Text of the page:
Alone or with your coach, you will need to create a plan, to respond to the source of pain: do you need to get out of the situation you are in or maybe you need to make changes so that it’s better designed for your needs. Are there skills that you need that would make a similar injury less likely to happen in the future? Perhaps a change of perspective might make things look very different.
Step 3: Implement
Now you know whats needed, it’s time to take action. Easy in theory but sometimes a lot toucher in practice when it’s easy to get discouraged or otherwise put off. How are you going to hold yourself accountable, especially at a time when you might still feel emotionally under par, in order to see that planned changes though? Make sure you put a plan in place for this otherwise you risk letting negative behaviours like procrastination and fear of moving out of your comfort zone stop you making progress.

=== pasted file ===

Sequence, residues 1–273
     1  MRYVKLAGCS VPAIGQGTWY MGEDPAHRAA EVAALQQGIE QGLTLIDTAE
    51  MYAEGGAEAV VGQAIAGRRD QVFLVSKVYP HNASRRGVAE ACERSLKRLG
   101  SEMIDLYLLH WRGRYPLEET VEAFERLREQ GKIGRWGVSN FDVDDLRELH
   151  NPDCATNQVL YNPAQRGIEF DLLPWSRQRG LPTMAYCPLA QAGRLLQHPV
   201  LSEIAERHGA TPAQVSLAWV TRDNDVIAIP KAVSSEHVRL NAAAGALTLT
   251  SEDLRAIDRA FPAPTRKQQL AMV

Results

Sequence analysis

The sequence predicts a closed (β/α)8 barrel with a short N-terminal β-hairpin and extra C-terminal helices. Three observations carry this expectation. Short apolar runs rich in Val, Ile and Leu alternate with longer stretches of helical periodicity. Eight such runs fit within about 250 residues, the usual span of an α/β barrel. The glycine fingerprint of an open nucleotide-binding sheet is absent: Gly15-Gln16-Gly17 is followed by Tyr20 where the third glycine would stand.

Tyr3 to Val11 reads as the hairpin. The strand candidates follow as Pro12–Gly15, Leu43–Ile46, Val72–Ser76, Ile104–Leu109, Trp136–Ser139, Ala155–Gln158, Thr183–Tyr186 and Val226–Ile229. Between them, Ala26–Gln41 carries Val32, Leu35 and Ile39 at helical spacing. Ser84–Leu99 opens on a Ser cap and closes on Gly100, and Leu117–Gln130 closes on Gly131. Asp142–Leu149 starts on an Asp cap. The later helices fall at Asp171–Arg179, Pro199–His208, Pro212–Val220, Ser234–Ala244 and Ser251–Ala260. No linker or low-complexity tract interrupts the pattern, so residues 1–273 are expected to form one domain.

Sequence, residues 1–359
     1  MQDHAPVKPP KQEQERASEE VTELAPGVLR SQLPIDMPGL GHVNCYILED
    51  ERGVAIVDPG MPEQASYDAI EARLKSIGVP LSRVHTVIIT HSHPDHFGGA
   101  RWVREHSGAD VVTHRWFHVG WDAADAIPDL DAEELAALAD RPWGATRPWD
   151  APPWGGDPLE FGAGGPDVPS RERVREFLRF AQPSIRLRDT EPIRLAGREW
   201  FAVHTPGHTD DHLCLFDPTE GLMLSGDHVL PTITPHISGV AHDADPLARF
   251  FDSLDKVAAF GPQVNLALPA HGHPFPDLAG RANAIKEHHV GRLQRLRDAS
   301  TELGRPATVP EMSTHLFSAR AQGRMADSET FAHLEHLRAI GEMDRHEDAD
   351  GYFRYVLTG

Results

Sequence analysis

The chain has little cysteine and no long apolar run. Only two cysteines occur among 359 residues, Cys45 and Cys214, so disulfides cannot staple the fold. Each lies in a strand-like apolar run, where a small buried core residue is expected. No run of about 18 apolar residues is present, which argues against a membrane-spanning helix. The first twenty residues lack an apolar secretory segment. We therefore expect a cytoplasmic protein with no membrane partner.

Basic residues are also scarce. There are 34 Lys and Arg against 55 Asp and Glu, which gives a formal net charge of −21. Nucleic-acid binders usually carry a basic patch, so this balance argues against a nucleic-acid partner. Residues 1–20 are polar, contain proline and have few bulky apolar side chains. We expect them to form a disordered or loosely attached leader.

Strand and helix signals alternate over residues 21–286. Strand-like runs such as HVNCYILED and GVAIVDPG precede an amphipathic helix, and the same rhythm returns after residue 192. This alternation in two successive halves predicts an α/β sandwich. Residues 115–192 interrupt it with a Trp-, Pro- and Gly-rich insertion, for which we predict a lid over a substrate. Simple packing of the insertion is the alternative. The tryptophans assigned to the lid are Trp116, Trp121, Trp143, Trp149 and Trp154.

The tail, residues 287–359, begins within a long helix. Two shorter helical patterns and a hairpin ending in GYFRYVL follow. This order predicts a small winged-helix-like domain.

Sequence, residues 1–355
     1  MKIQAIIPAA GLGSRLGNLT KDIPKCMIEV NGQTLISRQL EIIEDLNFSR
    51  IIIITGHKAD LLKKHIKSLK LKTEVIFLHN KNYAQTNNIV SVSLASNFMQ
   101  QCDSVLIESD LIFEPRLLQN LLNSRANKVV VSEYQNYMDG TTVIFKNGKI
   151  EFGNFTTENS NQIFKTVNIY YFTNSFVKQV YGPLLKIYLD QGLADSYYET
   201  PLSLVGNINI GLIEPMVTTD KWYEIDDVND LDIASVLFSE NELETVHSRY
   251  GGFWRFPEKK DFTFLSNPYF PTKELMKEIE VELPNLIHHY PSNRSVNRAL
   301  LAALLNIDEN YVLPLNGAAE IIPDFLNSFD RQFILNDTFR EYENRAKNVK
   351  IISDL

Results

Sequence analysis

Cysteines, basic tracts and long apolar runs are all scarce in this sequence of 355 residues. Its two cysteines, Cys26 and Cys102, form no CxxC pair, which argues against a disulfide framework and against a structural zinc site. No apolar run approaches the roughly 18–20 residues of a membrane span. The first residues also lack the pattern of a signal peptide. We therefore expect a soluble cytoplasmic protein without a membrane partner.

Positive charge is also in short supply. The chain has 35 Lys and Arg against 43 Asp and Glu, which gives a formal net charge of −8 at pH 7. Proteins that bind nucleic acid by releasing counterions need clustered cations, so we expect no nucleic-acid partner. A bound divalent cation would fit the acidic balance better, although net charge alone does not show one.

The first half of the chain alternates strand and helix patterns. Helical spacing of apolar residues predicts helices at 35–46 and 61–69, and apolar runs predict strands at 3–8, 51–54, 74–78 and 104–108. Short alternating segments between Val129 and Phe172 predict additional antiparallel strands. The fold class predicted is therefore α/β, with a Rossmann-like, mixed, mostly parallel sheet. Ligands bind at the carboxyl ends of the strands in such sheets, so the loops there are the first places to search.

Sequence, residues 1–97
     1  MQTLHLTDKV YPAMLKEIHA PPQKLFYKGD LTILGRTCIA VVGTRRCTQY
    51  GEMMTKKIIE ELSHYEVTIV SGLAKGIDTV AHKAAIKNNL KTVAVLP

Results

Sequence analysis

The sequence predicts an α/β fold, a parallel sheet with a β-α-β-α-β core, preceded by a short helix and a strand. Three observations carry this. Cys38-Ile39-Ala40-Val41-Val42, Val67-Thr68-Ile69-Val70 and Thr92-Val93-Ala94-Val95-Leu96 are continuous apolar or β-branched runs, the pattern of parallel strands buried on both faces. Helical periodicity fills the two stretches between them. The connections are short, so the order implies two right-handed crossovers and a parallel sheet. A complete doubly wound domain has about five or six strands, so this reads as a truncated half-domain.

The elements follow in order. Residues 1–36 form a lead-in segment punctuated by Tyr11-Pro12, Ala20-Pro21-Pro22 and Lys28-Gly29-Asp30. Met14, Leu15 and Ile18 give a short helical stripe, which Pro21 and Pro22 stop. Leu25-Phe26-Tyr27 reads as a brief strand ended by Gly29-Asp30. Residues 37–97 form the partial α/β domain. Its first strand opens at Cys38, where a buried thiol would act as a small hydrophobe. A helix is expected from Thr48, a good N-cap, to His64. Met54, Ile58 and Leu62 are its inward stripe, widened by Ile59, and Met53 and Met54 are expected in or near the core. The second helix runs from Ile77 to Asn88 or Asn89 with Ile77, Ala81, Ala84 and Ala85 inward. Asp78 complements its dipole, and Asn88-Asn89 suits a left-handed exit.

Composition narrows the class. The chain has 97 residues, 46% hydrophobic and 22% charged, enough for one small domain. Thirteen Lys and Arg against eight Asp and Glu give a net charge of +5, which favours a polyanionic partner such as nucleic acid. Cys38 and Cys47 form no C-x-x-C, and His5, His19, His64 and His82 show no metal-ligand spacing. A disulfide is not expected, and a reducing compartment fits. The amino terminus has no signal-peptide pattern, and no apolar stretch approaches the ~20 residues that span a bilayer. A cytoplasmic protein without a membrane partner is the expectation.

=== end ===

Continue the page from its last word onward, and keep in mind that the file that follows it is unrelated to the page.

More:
Step 4: Evaluate
There are no guarantees any intervention will be 100% effective. The only way of assessing how well you are doing is by observing and assessing. Are the symptoms still present? If they are noticeably easing, you will recognise that you are on the right track. Time to pat yourself on the back and carry on with whatever you were doing. If some time has passed and the emotional pain hasn’t reduced in any way or has actually increased, please consider getting some professional support if you didn’t take that option earlier. Either in the form of a therapist if the pain is acute and interfering with your normal life, or a coach who can help you build the skills to help shrug it off, now and ideally in the future.
Need help getting over an emotional injury? I can help you bounce back better than ever! Please use this link to book a free call so we can talk about whats going on for you.
Photo by The Ian
Handling rejection and being able to bounce back from any setback are some of the most important skills for anyone to have. As you go through life, just as you experience achievements and highs, so is it normal for one to experience lows that could be in the form of rejection, failures, and setbacks.
What you do when you are faced with a setback and how you handle the situation are what determine how it is you will perform the next time. It is true that persistence is what guarantees success in whatever field you are interested in. But how is it that one can bounce back and stay committed after a challenging setback?
Below are five ways: